Contrary to its legend, Tobe Hooper’s 1974 classic The Texas Chain Saw Massacre is a My Little Pony tea party by the Caligulan standards of current horror cinema — the only chainsaw death is rendered Psycho-style through suggestive camera placement and edits. But you’ll never hear anyone saying they feel cheated after a pulverizing trip through Hooper’s charnel house.
Its effectiveness lies in one word: authenticity. Enacted by a no-name cast whose onscreen misery and animosity weren’t faked — the biggest stars involved are blacklist-defying broadcaster John Henry Faulk and opening narrator John Larroquette — the original seems cheap and lawless enough to be capable of ... anything.
And that’s just the first of many virtues that should be studied by anyone aspiring to make serious horror movies. Hooper and screenwriter Kim Henkel reject all the conventional reasons people are punished in horror films: The victims’ fate is just that — fate, all the more terrifying for being absolutely random. And Hooper avoids the genre’s visual clichés, leading up to his unforgettably sick dinner-party setpiece. The Michael Bay-produced remake only proved how poor a substitute contemporary “artsploitation” is for the once proud drive-in circuit, where directors like Hooper could get away with challenging viewers’ smug moralism and a consumer culture that turns people into meat.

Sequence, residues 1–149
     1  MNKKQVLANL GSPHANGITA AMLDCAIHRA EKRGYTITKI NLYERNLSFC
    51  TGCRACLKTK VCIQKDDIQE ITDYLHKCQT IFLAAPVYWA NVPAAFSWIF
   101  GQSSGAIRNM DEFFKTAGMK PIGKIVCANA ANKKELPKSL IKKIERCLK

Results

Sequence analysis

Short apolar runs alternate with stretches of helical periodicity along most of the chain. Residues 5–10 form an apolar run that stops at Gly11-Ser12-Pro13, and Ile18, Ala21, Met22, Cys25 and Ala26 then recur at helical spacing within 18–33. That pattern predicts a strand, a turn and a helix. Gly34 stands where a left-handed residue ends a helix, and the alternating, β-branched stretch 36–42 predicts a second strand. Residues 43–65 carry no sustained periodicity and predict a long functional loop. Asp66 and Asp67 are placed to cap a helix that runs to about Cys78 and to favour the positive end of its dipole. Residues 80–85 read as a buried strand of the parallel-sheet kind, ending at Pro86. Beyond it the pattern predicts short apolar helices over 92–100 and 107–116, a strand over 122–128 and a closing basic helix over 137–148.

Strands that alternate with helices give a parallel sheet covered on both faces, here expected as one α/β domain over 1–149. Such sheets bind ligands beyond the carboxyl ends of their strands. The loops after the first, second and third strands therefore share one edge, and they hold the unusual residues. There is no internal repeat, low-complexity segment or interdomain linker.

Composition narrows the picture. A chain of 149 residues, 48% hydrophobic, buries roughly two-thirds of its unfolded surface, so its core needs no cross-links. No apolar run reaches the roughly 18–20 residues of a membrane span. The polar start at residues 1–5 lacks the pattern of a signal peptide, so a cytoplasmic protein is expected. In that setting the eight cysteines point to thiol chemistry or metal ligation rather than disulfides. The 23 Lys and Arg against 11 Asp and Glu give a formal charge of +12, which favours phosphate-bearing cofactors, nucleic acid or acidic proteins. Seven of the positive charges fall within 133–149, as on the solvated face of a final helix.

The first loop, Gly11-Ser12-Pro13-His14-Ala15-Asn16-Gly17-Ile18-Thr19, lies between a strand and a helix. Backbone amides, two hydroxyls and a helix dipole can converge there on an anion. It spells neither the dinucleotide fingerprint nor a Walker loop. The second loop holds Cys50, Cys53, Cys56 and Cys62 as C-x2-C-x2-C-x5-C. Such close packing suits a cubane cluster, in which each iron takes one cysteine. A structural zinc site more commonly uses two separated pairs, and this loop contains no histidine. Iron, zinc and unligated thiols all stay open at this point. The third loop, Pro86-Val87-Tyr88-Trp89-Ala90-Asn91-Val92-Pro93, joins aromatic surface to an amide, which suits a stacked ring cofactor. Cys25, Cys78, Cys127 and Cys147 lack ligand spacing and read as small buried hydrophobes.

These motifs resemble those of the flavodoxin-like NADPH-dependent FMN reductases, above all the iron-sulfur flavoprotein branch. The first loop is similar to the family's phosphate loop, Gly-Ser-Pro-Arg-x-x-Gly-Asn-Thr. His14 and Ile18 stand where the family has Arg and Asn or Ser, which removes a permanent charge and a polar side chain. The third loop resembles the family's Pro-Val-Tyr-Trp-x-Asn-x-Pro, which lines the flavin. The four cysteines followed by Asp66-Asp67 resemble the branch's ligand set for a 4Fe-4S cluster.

The last time The Belcourt showed this, the memorably beat-to-hell print was grindhouse gold. This Friday and Saturday at midnight, the theater serves up the opposite experience — a pristine digital restoration. (Considering how central the movie’s grubbiness is to its unnerving impact, that'll just have to do.) As a special treat, John Dugan, the actor underneath Grandpa's hideous makeup, will be on hand both nights at 11:30 p.m. for signings and a Q&A. Leave the hammers at home.